Even more than the chants of the Missal itself and of the other liturgical books he above all has marked our liturgical practice. In truth I couldn't think of another contemporary musician, who carriers such weight.

Pablo the Mexican said...

"...we do, here and now, separate him from the precious body and blood of Christ, and from the society of all Christians. We exclude him from our Holy Mother Church and all her sacraments, in heaven, or on Earth.

We declare him excommunicate and anathema. We cast him into the outer darkness. We judge him damned with the devil and his fallen angels and all the reprobate, to eternal fire and everlasting pain!..."

This should not be wished upon anyone.


If we have had thoughts of others having this befall them, we must repent and beg God's mercy and forgiveness.

Contemplate the words of Excommunication.

And, God's mercy.

Rituale Romanum


1. If a priest is empowered by his superior to absolve from the sentence of excommunication and if the delegation prescribes a specified form, this form is to be observed in every instance. However, if the document of delegation states: "He is to absolve according to the usual form of the Church," then the form given below is to be observed.

2. In the first place the excommunicate should if possible make satisfaction beforehand for the offense for which he incurred excommunication. If this is not possible for the time being, he must give sufficient guarantee that he will make satisfaction at first opportunity; or if this is questionable, he must take an oath that he will do so.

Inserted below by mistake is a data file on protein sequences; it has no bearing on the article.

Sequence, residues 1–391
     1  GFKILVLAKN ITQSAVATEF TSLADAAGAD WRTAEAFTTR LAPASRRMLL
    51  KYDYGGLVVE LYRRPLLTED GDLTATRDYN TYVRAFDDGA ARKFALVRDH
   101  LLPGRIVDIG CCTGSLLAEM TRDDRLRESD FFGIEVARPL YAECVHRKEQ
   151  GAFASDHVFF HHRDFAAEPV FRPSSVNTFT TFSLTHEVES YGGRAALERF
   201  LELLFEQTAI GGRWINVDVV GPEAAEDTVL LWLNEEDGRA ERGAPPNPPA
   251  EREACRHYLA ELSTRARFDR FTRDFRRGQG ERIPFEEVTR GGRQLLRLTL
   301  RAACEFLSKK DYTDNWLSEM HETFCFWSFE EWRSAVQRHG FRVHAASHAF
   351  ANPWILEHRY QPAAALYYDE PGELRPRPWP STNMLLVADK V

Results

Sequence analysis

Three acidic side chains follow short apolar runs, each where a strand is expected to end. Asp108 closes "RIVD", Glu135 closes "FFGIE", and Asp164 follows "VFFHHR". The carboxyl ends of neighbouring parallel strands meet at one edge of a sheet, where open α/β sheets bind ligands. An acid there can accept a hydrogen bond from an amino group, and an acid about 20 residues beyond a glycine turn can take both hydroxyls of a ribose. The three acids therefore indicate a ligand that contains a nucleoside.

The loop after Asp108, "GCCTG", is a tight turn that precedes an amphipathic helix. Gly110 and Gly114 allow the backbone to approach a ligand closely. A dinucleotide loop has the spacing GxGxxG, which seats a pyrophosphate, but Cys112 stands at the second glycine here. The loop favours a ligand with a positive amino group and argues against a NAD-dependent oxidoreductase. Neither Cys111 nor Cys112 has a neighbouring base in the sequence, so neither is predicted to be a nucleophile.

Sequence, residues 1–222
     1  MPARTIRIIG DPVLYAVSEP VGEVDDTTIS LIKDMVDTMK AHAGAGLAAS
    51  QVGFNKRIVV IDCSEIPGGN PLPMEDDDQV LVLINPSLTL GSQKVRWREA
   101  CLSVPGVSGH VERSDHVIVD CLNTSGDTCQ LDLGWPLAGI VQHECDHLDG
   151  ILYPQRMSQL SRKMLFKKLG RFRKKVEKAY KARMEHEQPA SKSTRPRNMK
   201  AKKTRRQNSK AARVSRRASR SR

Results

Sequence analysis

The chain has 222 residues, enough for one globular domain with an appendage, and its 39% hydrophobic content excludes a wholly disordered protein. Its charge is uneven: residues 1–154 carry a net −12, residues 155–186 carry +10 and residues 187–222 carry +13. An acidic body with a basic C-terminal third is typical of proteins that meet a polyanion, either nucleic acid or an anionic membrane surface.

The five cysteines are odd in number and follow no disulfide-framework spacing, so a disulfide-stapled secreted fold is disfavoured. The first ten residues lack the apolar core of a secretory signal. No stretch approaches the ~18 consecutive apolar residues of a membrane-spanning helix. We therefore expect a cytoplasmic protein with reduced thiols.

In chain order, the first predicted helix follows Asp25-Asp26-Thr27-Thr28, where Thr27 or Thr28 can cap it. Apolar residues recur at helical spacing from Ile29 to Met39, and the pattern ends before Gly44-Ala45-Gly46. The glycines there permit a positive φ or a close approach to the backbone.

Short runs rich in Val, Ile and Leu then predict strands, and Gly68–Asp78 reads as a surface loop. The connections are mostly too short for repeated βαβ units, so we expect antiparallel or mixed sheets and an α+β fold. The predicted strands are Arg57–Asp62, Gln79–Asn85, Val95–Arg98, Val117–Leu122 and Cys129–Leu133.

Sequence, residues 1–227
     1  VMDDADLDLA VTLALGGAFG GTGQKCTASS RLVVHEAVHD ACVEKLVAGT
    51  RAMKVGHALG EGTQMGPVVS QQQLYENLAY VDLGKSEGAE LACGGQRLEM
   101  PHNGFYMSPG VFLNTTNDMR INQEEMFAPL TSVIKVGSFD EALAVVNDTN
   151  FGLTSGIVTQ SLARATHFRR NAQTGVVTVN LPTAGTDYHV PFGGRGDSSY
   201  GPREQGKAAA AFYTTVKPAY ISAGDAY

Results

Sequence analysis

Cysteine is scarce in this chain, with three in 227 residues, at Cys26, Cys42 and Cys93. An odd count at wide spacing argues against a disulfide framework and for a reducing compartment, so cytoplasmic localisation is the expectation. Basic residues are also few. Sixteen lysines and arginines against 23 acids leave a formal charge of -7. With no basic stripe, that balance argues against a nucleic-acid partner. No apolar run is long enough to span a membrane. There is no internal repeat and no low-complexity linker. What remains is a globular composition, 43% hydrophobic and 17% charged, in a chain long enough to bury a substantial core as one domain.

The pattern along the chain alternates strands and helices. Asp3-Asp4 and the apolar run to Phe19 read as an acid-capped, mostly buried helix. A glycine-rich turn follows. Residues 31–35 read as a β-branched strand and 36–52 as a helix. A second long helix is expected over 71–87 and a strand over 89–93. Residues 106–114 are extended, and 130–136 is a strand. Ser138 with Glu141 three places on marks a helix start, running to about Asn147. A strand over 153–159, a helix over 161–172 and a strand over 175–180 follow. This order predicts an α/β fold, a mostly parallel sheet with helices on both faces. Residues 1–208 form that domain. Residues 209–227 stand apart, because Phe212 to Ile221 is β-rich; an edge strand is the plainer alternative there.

3. Second, if the offense for which he incurred excommunication is a grievous one, an oath must be exacted from him that he will obey the Church's laws applicable to him in this matter, especially that he will not offend henceforth against the canon or decree, the violation of which was responsible for the excommunication.

4. Lastly, the following ceremony must be observed in absolving him:
The penitent kneels before the priest, and, if a male, his shoulders are uncovered down to his shirt. The priest, who is seated, lightly strikes the penitent with a rod or cord, reciting the following psalm:
Psalm 50: "Have mercy on me, O God," etc. (see Psalm 50).

5. The priest rises and with head uncovered says:

Lord, have mercy. Christ, have mercy. Lord, have mercy. Our Father (the rest inaudibly until):
P: And lead us not into temptation.